China and Japan have joined several African states in pledging support towards peacekeeping operations on the African continent.
Japan, which still has a post World War II pacifist constitution, has pledged US$40 million and engineering equipment to support African Union and United Nations-led missions on the continent.
The Asian nation, cannot dispatch soldiers to peacekeeping missions as it is not allowed by its 1945 constitution to take part in military missions abroad.
During the African Regional Meeting on Peacekeeping operations held at the Ethiopian Peacekeeping Coordination Center in Addis Ababa, Ethiopia last week, the Japanese Embassy in Addis Ababa disclosed that it would provide the heavy equipment as soon as possible.
China, whose influence is growing increasingly on the continent, has pledged to continue providing troops for peacekeeping missions.
“China is committed to Africa’s stability. We will continue providing soldiers to maintain peace in Africa. At the moment we have 2, 600 soldiers serving in several peacekeeping operations in Africa,” said a Chinese official at the meeting.
|Ethiopian President Dr. Mulatu Teshome opening the meeting|
China sent a uniformed delegation of senior officers from the People’s Liberation Army to the two-day meeting.
The country’s role in peacekeeping operations in Africa is increasingly being tied to its huge appetite for Africa’s minerals which is badly needed for its growing economy.
The two day meeting was opened by Ethiopian President Dr. Mulatu Teshomo and brought together Defence Ministers and Chiefs of Staff from over 30 African countries and 10 foreign donor countries such as China, Japan, USA, UK, France and others.
The meeting, which was jointly organised with the United Nations,, was hosted to find ways of increasing the rapid deployment capabilities of African countries.
United Nations Military Advisor on Peacekeeping Operations General Maqsood Ahmed said the global body is facing challenges in deploying troops quickly when a crisis breaks out.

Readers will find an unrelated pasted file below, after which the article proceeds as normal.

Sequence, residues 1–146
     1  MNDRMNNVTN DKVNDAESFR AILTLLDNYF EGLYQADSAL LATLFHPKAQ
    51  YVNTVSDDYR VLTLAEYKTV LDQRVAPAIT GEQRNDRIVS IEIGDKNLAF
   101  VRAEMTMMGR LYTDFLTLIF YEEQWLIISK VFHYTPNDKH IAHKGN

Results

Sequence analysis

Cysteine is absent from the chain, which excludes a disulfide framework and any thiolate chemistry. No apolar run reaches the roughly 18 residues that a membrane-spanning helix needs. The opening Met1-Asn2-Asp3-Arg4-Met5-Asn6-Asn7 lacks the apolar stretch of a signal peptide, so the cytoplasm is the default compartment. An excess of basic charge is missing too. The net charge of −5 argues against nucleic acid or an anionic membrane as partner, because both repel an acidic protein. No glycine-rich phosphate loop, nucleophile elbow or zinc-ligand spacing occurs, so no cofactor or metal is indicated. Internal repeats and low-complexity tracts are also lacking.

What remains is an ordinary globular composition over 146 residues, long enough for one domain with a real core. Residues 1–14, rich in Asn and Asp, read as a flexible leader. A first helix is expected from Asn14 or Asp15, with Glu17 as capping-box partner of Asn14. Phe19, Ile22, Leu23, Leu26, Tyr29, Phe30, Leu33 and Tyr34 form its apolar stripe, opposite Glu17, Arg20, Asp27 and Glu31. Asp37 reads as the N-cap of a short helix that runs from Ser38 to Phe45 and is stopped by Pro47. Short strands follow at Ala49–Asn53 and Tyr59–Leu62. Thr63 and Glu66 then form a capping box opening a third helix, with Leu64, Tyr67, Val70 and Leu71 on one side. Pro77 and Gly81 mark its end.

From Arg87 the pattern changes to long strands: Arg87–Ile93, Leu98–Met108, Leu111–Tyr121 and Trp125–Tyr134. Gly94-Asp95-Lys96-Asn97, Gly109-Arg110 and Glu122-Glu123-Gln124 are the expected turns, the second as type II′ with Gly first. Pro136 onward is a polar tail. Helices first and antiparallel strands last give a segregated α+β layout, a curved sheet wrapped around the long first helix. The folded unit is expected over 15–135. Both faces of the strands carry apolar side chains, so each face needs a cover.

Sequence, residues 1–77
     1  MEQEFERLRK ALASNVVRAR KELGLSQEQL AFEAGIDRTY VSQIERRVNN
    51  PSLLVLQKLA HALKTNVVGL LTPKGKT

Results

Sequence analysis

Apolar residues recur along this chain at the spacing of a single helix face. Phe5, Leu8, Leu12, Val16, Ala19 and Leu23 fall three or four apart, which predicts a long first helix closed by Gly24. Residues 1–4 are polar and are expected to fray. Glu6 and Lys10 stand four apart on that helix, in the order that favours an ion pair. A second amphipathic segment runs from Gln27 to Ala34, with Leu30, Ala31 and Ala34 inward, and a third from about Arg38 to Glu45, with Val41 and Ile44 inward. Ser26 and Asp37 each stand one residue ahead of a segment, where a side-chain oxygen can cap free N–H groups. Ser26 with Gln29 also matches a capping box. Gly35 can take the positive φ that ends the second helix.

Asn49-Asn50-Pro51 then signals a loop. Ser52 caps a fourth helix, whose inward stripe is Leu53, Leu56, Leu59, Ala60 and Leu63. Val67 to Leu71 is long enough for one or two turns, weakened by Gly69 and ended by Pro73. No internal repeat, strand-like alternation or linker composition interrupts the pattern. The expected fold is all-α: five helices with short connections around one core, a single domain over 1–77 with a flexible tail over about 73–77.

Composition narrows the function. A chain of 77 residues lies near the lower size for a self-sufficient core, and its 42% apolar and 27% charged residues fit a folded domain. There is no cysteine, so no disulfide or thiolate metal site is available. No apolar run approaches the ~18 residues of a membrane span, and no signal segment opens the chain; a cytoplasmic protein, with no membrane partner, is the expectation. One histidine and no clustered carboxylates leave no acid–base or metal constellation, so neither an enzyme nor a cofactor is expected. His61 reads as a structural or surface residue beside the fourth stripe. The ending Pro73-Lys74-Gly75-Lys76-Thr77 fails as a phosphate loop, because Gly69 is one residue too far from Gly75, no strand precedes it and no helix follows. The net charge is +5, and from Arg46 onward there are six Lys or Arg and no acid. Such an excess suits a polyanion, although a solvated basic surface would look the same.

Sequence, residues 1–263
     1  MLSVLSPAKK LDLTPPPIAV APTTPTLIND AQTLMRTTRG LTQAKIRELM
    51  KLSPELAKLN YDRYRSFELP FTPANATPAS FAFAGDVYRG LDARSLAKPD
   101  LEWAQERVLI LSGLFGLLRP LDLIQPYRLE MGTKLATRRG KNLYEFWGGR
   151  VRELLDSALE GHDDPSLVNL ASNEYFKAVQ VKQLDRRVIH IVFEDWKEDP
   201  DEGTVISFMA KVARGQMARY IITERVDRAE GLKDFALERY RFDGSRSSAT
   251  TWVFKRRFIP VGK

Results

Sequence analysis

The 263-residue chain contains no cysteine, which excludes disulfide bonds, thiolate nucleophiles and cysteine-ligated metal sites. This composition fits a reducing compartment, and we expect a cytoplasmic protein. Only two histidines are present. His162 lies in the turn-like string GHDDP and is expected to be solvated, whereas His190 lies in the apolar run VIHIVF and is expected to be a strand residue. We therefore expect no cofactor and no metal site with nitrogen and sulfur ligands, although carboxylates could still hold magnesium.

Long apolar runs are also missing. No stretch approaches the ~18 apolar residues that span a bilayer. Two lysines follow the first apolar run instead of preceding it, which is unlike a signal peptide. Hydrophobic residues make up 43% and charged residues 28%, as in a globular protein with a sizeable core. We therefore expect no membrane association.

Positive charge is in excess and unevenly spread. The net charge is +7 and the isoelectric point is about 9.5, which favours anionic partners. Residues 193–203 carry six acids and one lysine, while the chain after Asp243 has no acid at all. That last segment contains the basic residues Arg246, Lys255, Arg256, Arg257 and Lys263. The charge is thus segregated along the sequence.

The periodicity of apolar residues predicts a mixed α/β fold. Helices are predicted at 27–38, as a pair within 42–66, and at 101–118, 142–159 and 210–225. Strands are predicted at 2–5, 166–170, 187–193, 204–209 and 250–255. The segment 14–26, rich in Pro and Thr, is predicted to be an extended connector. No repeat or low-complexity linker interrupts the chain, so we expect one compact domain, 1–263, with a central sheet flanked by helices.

|General Maqsood Ahmed|
“It is not easy to quickly deploy forces on the ground. It takes 30, 60 or 90 days to mobilise, deploy and operationalised peacekeepers. We need to fasten the process to save lives and maintain peace,” said General Ahmed, a Pakistan military chief who has vast experience in peacekeeping operations worldwide.
During the meeting, US Assistant Secretary of State Victoria Holt called for the protection of civilians in conflict areas.
“We have so many people who are affected in conflicts. However, what is of paramount importance is the protection of civilians. We should ensure that when we deploy forces, their mandate must be to keep the peace and protect civilians,” said Holt.
Cameroon, Burundi, Liberia, Madagascar and Sierra Leone are some of the African countries that pledged battalions, platoons and Police units to beef up the existing and future peace missions.
Zambia, which was represented by Defence Minister Richwell Siamunene and senior Army and Air Force officers, pledged to continue supporting peace missions.
“I want to reaffirm my country’s commitment to the maintenance of peace on the continent. Your Excellencies, Zambia has sent peacekeepers to Liberia, Sierra Leone and now Central Africa Republic,” said Mr Siamunene, as he addressed the gathering on its final day.
“You will recall that in 2007 my country hosted the SADC Standby Brigade. This is further commitment that we are ready to do even more.”
Meanwhile, the African Union has disclosed that the long awaited operationalisation of the Africa Standby Force is scheduled for October in South Africa.
African Union Commissioner for Peace and Security Smail Chergui says the standby force will be able to quickly deploy anywhere in Africa to respond to conflicts and emergencies.
“We are hopeful that once this force is operationalised, we will be able to respond to crises quicker and promptly anywhere on the continent,” said Mr Chergui.
The meeting heard from experts that of the various regional standby military brigades, East Africa and West Africa had advanced while other regions were still struggling to make their forces ready for action.